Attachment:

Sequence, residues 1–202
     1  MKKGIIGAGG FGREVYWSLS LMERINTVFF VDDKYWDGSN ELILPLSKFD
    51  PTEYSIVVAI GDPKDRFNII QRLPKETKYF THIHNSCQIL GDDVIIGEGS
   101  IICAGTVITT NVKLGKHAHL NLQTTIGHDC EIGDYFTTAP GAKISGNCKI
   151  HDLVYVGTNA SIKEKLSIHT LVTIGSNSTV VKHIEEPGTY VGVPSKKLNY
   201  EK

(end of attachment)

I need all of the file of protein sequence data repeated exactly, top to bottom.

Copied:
Sequence, residues 1–202
     1  MKKGIIGAGG FGREVYWSLS LMERINTVFF VDDKYWDGSN ELILPLSKFD
    51  PTEYSIVVAI GDPKDRFNII QRLPKETKYF THIHNSCQIL GDDVIIGEGS
   101  IICAGTVITT NVKLGKHAHL NLQTTIGHDC EIGDYFTTAP GAKISGNCKI
   151  HDLVYVGTNA SIKEKLSIHT LVTIGSNSTV VKHIEEPGTY VGVPSKKLNY
   201  EK